Let us compare this climate to Article 74 – of Chapter 4 – of the new constitution, which states that “sovereignty of the law shall be the basis of rule in the state. The independence and immunity of the judiciary are two basic guarantees to safeguard rights and freedoms.” In this case, one must ultimately come to the conclusion that the Brotherhood don’t believe in the draft constitution that they are urging the people to vote for. Indeed, they are doing more than urge, promising that those who vote yes will go to heaven! This can be seen in a tweet posted by Dr. Essam al-Erian, Deputy Chairman of the Freedom and Justice Party, in which he described those who will vote yes on the constitution – at the forthcoming referendum – as the best of people who will certainly go to heaven!
In fact, the draft constitution contains loose language in certain articles that allow for different interpretations. This is something that has aroused real fears. As for the constitutional articles concerning the judiciary, these introduce slogans that are not in line with the judiciary’s real practices on the ground, not to mention the slogans raised at Muslim Brotherhood protests! This is truly a source of concern because the independence of, and respect for, the judiciary are supposed to be one of the major pillars of governance; this should function as a guarantor for the separation of powers, the protection of rights and the strengthening of the values of justice and equality. The draft constitution highlights the judiciary’s independence at a time when Mursi and the Brotherhood are launching a fierce assault against it and trying to subjugate it to their will. Furthermore, the constitution, in its current form, seems to reduce the powers of the Supreme Constitutional Court in terms of its oversight of the law, whilst it also removes the task of supervising the elections from the judiciary, granting this task to a new electoral committee. This new electoral committee opens the door for possible political interference [in the electoral process].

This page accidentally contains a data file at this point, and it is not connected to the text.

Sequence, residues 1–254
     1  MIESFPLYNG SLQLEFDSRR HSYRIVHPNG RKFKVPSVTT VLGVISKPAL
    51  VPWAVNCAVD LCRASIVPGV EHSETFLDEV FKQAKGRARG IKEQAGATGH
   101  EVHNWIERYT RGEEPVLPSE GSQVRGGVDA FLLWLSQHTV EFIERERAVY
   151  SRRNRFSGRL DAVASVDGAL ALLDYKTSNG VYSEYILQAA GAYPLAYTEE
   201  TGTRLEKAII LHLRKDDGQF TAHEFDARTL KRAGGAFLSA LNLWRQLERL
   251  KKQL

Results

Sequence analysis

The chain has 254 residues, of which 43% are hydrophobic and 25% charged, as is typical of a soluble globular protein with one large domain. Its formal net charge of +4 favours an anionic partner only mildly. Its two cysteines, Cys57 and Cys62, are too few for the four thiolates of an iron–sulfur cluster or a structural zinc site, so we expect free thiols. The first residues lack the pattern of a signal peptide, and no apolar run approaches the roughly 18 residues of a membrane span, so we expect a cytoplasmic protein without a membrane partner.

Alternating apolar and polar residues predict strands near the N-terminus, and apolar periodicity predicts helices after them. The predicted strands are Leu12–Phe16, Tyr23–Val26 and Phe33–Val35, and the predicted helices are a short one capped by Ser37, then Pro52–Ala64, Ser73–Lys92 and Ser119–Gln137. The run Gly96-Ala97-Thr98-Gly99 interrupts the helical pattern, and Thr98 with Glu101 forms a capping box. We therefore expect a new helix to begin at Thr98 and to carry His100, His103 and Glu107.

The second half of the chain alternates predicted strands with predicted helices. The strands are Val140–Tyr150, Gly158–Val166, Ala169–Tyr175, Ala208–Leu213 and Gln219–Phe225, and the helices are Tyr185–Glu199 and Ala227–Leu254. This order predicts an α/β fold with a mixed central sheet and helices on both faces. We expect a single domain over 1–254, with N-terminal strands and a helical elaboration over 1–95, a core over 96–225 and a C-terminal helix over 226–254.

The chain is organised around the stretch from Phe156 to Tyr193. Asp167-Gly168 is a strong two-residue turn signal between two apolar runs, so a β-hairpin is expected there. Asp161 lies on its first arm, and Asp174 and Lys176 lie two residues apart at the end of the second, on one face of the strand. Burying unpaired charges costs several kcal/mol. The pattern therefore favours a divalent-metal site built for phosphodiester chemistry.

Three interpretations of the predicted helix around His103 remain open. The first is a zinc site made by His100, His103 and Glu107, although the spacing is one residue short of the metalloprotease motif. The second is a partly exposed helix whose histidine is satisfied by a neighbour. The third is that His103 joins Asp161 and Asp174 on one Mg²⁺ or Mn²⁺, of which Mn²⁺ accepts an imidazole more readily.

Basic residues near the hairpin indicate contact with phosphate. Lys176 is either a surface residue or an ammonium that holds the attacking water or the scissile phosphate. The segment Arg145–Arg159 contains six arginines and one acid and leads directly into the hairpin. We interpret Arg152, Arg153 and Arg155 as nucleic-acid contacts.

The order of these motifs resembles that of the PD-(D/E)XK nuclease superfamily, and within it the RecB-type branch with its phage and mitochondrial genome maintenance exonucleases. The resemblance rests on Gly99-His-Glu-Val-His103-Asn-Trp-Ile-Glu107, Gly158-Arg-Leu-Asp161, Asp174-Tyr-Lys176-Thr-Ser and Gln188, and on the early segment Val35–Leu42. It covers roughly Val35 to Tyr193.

The question that must be asked here is: if the Muslim Brotherhood are not committed to the draft constitution – which they themselves prepared –seeking to circumvent some of its articles or trying to use these to destroy the principle of separation of powers, then how can they expect the Egyptian people to accept and support this constitution? Indeed, how can they expect Egypt to enjoy stability or calm under a constitution such as this?